Most children should be taking part in sport by the age of four in 1999 if a Pounds 14 million programme launched yesterday is successful.
In line with the Prime Minister's Raising the Game initiative the National Junior Sports Programme helps schools, councils, governing bodies of sport, clubs and youth groups to provide sporting opportunities for four to 18-year-olds.
The NJSP comprises Top Play, Top Sport, Champion Coaching and Top Club. The first two were introduced on Thursday in London's Tower Hamlets. The coaching scheme has been running for five years and the fourth element will start later in the year. The NJSP is to replace a piecemeal approach with a national quality assured programme delivered locally.
"If a child moves from Devon to Durham, he or she will be able to progress at a similar rate through the same programmes," said Di Horsley, head of the council's young people and sports section.
The first two schemes for primary children have three common elements: a bag of equipment, a set of instruction cards and training for teachers. Top Play, for four to nine-year-olds, will develop core skills such as co-ordination, throwing and catching, and teamwork. Top Sport introduces seven to 11- year-olds to games leading to mini versions of hockey, netball, cricket, rugby, tennis, table tennis and basketball.
The schemes have been piloted throughout England and will be extended to youth clubs and community and leisure centres in the summer. Ms Horsley said that children and teachers were enthusiastic. She emphasised that the council was not trying to take over from teachers. "The schemes have to be managed by educationists."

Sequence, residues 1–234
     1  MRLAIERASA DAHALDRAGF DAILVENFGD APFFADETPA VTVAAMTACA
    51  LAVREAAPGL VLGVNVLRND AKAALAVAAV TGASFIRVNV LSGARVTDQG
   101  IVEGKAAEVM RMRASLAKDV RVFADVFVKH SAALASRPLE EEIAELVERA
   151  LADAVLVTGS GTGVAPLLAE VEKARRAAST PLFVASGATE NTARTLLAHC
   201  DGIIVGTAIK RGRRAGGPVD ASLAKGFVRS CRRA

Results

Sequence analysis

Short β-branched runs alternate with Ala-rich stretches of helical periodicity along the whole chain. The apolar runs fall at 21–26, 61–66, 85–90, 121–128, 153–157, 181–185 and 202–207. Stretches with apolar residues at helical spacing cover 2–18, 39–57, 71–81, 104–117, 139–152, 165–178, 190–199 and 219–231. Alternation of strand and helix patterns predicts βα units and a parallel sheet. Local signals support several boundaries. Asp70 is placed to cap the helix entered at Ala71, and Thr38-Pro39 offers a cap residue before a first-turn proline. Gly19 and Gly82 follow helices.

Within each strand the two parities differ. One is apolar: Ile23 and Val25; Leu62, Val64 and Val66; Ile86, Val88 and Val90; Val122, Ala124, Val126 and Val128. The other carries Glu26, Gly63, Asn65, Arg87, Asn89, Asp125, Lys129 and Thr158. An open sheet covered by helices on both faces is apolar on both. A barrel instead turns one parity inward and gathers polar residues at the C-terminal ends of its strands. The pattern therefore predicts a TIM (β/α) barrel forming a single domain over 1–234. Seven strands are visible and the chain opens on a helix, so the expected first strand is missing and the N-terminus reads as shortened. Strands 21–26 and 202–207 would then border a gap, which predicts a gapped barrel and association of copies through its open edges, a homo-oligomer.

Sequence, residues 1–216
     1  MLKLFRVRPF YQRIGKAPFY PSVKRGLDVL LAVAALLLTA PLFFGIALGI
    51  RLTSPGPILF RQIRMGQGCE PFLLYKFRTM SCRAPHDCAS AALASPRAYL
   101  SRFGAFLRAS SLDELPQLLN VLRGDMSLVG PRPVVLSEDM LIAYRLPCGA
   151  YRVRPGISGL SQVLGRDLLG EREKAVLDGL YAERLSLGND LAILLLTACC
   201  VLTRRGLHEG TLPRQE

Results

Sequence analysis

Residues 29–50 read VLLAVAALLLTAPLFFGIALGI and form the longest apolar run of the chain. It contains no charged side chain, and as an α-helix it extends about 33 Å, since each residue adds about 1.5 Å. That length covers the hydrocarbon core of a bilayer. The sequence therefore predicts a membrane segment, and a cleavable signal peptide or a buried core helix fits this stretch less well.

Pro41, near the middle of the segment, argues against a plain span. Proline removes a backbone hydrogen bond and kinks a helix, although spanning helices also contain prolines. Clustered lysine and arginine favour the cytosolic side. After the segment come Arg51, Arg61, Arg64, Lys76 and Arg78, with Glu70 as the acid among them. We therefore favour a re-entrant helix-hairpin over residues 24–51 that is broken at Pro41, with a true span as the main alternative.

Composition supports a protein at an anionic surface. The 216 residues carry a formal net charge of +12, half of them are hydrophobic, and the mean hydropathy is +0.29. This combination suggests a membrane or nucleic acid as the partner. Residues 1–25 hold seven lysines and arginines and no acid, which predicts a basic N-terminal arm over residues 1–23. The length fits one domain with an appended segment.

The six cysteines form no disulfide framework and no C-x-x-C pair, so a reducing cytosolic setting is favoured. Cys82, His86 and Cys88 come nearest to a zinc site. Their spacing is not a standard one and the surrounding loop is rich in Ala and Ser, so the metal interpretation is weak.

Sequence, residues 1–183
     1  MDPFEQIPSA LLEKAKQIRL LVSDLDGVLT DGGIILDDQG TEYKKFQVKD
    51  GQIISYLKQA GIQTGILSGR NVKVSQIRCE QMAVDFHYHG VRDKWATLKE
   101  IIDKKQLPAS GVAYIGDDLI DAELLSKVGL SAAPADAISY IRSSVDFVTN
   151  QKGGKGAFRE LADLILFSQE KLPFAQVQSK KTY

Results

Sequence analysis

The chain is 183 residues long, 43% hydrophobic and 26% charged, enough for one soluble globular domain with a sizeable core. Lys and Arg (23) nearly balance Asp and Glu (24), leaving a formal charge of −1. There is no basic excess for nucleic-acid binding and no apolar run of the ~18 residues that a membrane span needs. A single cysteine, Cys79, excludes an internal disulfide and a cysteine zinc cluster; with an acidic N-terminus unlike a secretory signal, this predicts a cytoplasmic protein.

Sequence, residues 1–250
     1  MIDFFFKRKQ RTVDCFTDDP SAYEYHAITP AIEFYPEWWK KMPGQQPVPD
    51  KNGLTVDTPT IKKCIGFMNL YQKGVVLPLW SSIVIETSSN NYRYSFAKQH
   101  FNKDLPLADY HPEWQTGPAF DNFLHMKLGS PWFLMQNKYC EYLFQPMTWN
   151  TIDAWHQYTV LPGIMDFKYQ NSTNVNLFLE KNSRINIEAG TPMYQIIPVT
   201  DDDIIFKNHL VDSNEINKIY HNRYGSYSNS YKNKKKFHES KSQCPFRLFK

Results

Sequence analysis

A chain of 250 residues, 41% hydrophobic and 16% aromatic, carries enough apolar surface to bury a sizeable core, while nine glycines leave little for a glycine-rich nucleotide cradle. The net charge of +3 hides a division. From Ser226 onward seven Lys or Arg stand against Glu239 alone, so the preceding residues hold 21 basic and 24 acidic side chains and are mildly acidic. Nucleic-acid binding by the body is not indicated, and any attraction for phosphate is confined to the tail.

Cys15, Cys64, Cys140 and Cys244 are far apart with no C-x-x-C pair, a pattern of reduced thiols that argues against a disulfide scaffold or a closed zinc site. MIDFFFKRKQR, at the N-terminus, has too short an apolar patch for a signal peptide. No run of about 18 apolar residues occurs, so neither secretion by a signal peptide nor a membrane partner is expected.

The primary age schemes, devised in conjunction with the Physical Education Association and the PE advisers and lecturers' organisation, will be delivered through the curriculum. Teachers are already being given one day's training to use the scheme. Champion Coaching provides a fast track for talented 11 to 13 year-olds and Top Club will encourage links between school and clubs.
Most of the funding will come from the National Lottery, the Sports Council, and the rest from sponsors organised by the Youth Sport Trust and Sportsmatch.
The statistics are impressive: Four million children will be involved, using 1.7m pieces of equipment and helped by 250,000 trained staff at 20,000 schools and community sites by 1999.